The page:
There’s no other way to say it: We love, love, love jazz!
Whether it’s music from the 1920s and
Our performers all are veteran musicians with an abiding love for the compositions we perform.
Scroll down for Carole’s, Andy’s and John’s bios.
Photography by Bauwerks
Meet the Performers
Carole Crawford was born and raised into the Big Band tradition. Her father, Edward Vedder, was a jazz trumpet player during the World War II years and after that performed in some of the great territory bands sponsored by the great Jimmy McPartland post-war throughout the Midwest.
Carole‘s latest venture is Scat Cats, a group that covers all the great music of the late ‘20s and early ‘30s (sometimes overlooked by the bebop post-war combos) and, of course, the great Big Band tradition of the ‘30s and ‘40s that she loves. Scat Cats features Carole on vocals and the great Chicago jazz stride pianist Paul Asaro on keyboards and vocals.
If you love the music of the late great Fats Waller and the Kansas City sound he produced in the 1920s and ‘30s, you will love this combination. Periodically, Carole and Paul are joined by reedman John Otto, a truly great jazz veteran musician in Chicago for over 40 years, adding his distinctive clarinet and alto sound.
Carole produced two combo albums with The Pat Crawford Jazz Quintet (featuring her husband, Patrick Crawford), “It Might as Well Be Spring” in 2005, and the other titled “Back at the Chicken Shack,” in 2007. The recordings featured several wonderful guest musicians, including the late great jazz guitarist Godfrey Viegas.
Carole recently completed work on an album featuring tunes from the Big Band era.
Born in Milwaukee, Wisconsin, Andy began taking piano lessons when he was 6 years old. He dabbled as a trumpet player in grade school and high school until he found his true passion for jazz while studying with Mike Plog, a well-known modern jazz trumpeter. At the University of Illinois, Andy studied trumpet and cornet with Tito Carrillo and began arranging under the tutelage of program director Chip McNeill.
His fate as a ’20s musician was sealed one night after hearing Bix Beiderbecke’s transcendent recording of “At the Jazz Band Ball” on an authentic Victor horn machine. Andy started sitting in with Dixieland bands and, ironically, discovered that he could get more work as a ’20s musician than a modern player – yeah, man! While he is heavily influenced by Bix, Andy draws inspiration from a variety of musicians including Red Nichols, Jelly Roll Morton, King Oliver, Jabbo Smith and Tommy Dorsey (especially in his covert recordings as a trumpeter!). He also enjoys listening to Johnny Dodds and Herb Morand.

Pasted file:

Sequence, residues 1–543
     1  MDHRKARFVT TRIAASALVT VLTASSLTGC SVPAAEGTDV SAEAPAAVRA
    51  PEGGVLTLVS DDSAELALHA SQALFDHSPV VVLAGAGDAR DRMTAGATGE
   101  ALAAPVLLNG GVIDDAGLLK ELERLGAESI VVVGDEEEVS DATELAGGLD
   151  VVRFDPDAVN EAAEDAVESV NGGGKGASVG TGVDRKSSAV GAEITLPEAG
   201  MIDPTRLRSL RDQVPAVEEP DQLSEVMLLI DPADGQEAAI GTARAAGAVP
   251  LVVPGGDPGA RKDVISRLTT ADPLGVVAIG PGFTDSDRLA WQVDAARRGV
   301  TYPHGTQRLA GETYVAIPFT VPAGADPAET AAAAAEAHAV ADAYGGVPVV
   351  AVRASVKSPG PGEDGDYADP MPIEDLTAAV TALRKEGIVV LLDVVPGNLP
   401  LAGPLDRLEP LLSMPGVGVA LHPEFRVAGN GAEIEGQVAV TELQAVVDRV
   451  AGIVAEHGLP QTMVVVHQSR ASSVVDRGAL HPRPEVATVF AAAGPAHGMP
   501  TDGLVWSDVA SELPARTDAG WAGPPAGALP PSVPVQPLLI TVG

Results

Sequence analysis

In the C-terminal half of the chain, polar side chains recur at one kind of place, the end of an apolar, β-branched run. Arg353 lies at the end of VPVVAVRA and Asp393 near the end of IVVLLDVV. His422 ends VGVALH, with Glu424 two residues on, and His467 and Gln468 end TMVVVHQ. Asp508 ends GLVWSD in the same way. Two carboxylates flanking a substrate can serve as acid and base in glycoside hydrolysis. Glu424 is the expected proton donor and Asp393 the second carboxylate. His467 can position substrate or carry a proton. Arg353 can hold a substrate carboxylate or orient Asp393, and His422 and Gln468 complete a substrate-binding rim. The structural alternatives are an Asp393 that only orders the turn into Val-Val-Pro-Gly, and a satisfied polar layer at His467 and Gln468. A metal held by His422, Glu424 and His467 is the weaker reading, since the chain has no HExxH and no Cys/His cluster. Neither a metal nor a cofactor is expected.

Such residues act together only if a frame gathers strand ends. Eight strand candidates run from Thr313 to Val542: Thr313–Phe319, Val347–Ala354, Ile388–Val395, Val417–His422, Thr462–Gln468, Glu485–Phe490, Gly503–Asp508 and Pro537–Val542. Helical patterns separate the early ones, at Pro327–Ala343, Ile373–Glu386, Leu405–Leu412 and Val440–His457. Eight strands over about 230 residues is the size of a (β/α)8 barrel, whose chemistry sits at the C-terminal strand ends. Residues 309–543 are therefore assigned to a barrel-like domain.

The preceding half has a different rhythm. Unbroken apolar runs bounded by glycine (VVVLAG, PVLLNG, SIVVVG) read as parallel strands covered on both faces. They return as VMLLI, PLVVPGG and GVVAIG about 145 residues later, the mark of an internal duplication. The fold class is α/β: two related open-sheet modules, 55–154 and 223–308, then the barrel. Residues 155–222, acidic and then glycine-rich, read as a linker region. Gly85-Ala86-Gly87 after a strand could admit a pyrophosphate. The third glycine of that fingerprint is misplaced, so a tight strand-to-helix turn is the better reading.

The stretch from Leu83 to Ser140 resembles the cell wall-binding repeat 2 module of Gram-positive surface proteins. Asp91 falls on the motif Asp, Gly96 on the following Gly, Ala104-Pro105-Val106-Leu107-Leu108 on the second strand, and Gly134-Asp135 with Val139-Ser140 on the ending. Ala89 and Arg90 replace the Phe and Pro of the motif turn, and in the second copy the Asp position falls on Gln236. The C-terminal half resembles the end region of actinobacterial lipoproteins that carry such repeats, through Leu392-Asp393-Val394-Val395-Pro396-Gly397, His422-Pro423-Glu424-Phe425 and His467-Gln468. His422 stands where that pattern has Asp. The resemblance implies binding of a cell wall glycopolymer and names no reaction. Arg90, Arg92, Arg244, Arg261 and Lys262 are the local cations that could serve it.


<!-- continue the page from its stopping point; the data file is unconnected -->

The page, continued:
Andy is currently a full-time musician traveling the world and touring with various groups. One such group is the Archipelago Project which is a non-profit educational outreach group advocating musical arts for young students and their teachers through performance, residency and consultation.
Never content to play just one instrument, he has taken various jobs on piano, trombone, bass sax, clarinet, banjo, baritone and drums. He also plays a mean melodica and a fractured frumpet (it exists; look it up). In his spare time, Andy enjoys arranging new charts and collecting junk, including old instruments and 78-rpm records.
During his brief moments outside of the world of music, he also enjoys camping and kayaking in the key of Db. In addition, he frequently revels in the humor of the Marx Brothers.
John Otto, reedman extraordinaire, is a full-time jobbing musician and piano technician. He enjoys playing many styles of music. He has performed and recorded with many well-known bands all over the country.
A traditional jazz reedman for over 40 years, John has worked with West End Jazz Band, Red Rose, The Swing Shift Orchestra, The Salty Dogs, The St. Louis Ragtimers, The New Black Eagles; the Birmingham (Ala.) Symphony, and many others. He has played with a variety of artists, including Jim Beebe, Vince Giordano, Marty Grosz, Wayne Jones, Josh Duffee, John Sheridan, and Tom Pletcher. Movie appearances include “Public Enemies” and “Return To Me.”
John’s mother was a soloist in church music, musicals, weddings and an accomplished jobbing musician herself. His dad played trombone for fun and liked listening to Big Bands in the late 1930s. He had swing and jazz records collected in the closet, which John found most enticing upon discovery at a very early age.
John started learning piano in grade school and changed to clarinet upon entrance into junior high school. In high school, his musical mentor was Wellington Schiller, a full-time musician
John’s first job was working in Bolingbrook, Illinois, at an amusement park called Old Chicago (an enclosed shopping mall with circus bands and traveling acts such as vaudeville shows) while in high school, but he quit to enroll in college. He met WEJB leader, Mike Bezin, at a jam session and soon after became a regular member of the band. Although John can play great jazz in many forms on clarinet and saxophone, his abilities in the hot dance category are supreme.
In 1977, he started a business as a piano tech and has continued in that business for 25 years. His outside interests are classic cars, record collecting
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